OBJECTIVES: The purpose of this study was to determine the characteristics and outcomes of patients with acute myocardial infarction (MI) complicated by cardiogenic shock due to predominant right ventricular (RV) infarction. BACKGROUND: Although RV infarction has been shown to have favorable long-term outcomes, the influence of RV infarction on mortality in cardiogenic shock is unknown. METHODS: We evaluated 933 patients in cardiogenic shock due to predominant RV (n = 49) or left ventricular (LV) failure (n = 884) in the SHould we emergently revascularize Occluded coronaries for Cardiogenic shocK? (SHOCK) trial registry. RESULTS: Patients with predominant RV shock were younger, with a lower prevalence of previous MI (25.5 vs. 40.1%, p = 0.047), anterior MI, and multivessel disease (34.8 vs. 77.8%, p < 0.001) and a shorter median time between the index MI and the diagnosis of shock (2.9 vs. 6.2 h, p = 0.003) in comparison to patients with LV shock. In-hospital mortality was 53.1% versus 60.8% (p = 0.296) for patients with predominant RV and LV shock, respectively, and the influence of revascularization on mortality was not different between groups. Multivariate analysis revealed that RV shock was not an independent predictor of lower in-hospital mortality (odds ratio 1.07, 95% confidence interval 0.54 to 2.13). CONCLUSIONS: Despite the younger age, lower rate of anterior MI, and higher prevalence of single-vessel coronary disease of RV compared with LV shock patients, and their similar benefit from revascularization, mortality is unexpectedly high in patients with predominant RV shock and similar to patients with LV shock.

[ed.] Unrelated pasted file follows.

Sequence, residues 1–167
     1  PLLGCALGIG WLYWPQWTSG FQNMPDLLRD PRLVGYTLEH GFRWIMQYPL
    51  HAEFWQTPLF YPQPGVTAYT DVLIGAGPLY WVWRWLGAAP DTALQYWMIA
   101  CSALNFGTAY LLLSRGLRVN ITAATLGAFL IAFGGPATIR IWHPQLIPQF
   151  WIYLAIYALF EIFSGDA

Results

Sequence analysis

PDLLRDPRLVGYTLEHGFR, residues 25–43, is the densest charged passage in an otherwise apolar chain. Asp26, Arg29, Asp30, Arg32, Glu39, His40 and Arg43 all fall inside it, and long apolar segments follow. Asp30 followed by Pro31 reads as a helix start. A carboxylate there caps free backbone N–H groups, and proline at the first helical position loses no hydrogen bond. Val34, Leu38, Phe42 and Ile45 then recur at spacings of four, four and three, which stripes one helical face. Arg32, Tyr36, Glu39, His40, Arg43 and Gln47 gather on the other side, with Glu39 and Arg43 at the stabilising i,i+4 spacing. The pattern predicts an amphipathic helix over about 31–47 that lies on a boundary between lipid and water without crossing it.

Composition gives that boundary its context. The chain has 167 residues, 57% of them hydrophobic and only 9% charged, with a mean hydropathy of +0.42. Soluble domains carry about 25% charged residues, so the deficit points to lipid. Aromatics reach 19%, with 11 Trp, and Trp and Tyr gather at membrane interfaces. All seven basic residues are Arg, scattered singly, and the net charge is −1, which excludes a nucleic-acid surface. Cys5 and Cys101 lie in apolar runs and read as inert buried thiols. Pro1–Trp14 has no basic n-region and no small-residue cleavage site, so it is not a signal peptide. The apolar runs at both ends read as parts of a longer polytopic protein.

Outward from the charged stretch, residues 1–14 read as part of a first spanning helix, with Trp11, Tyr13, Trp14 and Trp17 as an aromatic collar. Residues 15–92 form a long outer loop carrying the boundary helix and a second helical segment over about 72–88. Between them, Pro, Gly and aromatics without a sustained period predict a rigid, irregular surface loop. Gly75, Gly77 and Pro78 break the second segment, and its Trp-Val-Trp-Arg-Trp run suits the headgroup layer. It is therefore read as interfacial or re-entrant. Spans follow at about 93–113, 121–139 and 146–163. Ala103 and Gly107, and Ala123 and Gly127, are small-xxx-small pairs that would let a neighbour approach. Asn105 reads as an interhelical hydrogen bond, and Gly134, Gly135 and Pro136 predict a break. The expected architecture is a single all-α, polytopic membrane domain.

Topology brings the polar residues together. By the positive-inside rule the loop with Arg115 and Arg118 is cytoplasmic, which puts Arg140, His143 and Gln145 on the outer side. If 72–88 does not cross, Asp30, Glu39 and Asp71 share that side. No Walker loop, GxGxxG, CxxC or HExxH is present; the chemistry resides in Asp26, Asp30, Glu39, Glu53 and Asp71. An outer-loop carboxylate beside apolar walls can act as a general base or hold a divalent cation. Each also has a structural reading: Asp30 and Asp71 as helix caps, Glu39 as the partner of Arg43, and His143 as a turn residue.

ASJC Scopus subject areas
- Cardiology and Cardiovascular Medicine